CONCLUSIONS: Siblings of a child with CP were at increased risk for a variety of other neurodevelopmental morbidities, as well as early death, indicating the presence of shared underlying causes.
Source: PEDIATRICS - Category: Pediatrics Authors: Tags: Developmental/Behavioral Pediatrics, Children With Special Health Care Needs Article Source Type: research
Science is just beginning to understand how important your mitochondria are to warding off the diseases of aging. And, as usual, mainstream medicine is lagging way behind. Along with your telomeres, the cellular time keepers at the ends of your chromosomes, your mitochondria are another key component of the anti-aging equation. You see, these tiny organelles in your cells are the power plants that turn fuel into energy for your body. Healthy mitochondria keep you young and energetic.  Research shows that damaged mitochondria can lead to: Schizophrenia and bipolar disorder; Alzheimer’s and Parkinson’s d...
Source: Al Sears, MD Natural Remedies - Category: Complementary Medicine Authors: Tags: Natural Cures Source Type: news
Telomere science changed everything we knew about aging. But today, I want to talk to you about the other half of the anti-aging equation. Regular readers will already know by protecting your telomeres, you can slow — and even reverse — the aging process. You see, your telomeres are like little countdown clocks that protect the DNA in your cells. They shorten with each cell division. And the shorter they get the faster you develop the signs of aging. So by protecting and nourishing them, you can literally turn back the years. I was one of the first doctors to put telomere science to the test. And for years, I&...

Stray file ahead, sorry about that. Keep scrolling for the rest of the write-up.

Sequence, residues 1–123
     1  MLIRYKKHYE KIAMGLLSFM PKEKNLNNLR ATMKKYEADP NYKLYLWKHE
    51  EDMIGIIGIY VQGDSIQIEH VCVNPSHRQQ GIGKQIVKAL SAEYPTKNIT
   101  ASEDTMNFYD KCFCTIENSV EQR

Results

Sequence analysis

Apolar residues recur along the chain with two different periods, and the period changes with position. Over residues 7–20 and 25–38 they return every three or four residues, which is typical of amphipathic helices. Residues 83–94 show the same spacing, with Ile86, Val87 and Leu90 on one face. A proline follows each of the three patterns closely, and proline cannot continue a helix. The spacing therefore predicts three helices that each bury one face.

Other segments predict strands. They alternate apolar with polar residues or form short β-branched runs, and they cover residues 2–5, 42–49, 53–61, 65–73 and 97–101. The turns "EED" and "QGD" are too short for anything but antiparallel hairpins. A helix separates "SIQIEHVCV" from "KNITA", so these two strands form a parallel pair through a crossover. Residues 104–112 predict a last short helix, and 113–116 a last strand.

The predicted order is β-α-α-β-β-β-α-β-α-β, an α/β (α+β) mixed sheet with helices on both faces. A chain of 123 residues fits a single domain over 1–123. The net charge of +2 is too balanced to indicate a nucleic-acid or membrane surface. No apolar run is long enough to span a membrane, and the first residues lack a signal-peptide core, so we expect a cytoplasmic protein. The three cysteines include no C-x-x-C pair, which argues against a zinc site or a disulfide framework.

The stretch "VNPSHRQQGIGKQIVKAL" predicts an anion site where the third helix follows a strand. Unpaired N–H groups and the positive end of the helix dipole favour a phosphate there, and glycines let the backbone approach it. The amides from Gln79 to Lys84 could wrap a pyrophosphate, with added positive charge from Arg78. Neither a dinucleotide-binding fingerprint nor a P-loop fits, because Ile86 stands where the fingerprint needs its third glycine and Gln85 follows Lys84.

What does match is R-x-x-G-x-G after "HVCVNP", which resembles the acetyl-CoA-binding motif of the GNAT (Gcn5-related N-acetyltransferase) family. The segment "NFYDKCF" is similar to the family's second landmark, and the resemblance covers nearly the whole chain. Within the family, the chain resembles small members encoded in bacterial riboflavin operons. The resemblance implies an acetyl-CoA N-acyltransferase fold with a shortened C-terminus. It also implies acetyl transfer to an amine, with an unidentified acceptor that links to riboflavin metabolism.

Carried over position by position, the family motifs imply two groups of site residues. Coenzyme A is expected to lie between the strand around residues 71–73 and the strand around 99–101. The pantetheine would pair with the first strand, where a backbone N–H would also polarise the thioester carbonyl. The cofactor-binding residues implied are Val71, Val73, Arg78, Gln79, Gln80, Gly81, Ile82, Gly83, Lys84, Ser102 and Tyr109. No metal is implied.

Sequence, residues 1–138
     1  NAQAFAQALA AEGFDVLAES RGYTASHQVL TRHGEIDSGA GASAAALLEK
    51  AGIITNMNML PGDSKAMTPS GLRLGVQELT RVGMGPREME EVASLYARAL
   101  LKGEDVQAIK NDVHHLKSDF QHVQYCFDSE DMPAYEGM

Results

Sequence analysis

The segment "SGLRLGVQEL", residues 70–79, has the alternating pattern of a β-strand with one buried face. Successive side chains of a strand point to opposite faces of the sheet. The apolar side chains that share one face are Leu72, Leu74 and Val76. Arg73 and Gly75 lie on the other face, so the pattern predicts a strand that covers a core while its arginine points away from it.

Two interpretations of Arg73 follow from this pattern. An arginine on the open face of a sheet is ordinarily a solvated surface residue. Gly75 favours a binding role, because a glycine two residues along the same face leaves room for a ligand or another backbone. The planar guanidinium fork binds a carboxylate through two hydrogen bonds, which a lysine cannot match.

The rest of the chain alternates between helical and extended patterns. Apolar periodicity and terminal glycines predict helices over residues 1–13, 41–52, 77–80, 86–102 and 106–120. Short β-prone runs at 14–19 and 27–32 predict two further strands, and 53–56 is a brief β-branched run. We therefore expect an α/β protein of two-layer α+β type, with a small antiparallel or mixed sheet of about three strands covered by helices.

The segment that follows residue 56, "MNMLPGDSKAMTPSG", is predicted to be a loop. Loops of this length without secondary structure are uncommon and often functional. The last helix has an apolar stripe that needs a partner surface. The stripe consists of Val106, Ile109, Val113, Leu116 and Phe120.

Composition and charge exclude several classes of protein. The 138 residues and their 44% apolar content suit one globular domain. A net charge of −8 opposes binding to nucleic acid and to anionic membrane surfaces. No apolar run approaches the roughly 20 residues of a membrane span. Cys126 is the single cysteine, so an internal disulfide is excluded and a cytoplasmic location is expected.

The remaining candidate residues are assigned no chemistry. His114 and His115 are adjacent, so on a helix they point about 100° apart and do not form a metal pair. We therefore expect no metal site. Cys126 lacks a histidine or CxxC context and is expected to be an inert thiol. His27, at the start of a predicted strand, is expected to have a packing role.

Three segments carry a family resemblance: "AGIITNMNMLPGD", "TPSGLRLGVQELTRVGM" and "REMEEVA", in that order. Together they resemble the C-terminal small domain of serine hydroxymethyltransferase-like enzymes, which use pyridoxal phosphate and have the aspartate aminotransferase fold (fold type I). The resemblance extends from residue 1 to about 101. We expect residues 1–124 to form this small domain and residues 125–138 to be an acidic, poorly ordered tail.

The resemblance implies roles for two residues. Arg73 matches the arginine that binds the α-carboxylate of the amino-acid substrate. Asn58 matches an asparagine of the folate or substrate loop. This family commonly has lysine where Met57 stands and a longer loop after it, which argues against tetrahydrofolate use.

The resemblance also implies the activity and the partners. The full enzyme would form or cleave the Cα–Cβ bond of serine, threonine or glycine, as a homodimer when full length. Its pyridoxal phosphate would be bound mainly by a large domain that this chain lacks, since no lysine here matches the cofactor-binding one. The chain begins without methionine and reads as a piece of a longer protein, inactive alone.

Source: Al Sears, MD Natural Remedies - Category: Complementary Medicine Authors: Tags: Anti-Aging mitochondria telomere Source Type: news
Publication date: 23 March 2016 Source:Neuroscience Letters, Volume 617 Author(s): Evelina Leivada The absence of co-occurrence of schizophrenia with congenital/early blindness (CB) has led to the claim that CB confers protection against schizophrenia. It has recently been shown that the protective effects are particularly reinforced in cases of CB of cortical origin, since cases of CB of peripheral origin and schizophrenia in fact exist. The present work shows that the protection extends to psychosis more broadly and describes the brain basis of the protective mechanism and its relation to the language faculty and the ...
Source: Neuroscience Letters - Category: Neuroscience Source Type: research
The human body is a source of mystery. But every year, scientists get just a little better at understanding its secrets.  Of course, 2015 has been no different. In the past year, researchers have created better access to proven therapies, developed futuristic new technologies that may change the way we approach disease and even enacted more complete disease screening processes to keep us healthy.  Read on to learn more. Here’s to more scientific discoveries in 2016!   @media (max-width: 969px) { #desktop { display: none; } } @media (min-width: 970px) { #mobile { display: none; } } #g-body-de...
Source: Science - The Huffington Post - Category: Science Source Type: news
Conclusions The better capacity of the patients to shift their eyes toward changes confirmed the capture by the sudden irruption of visual information in schizophrenia while avoiding the effects of general attentional deficits. However, the striking dissociation between this implicit response and the capacity to explicitly report changes could be interpreted as a deficit in access to conscious perception.
Source: Neuropsychologia - Category: Neurology Source Type: research
More News: Australia Health | Blindness | Children | Opthalmology | Schizophrenia | Study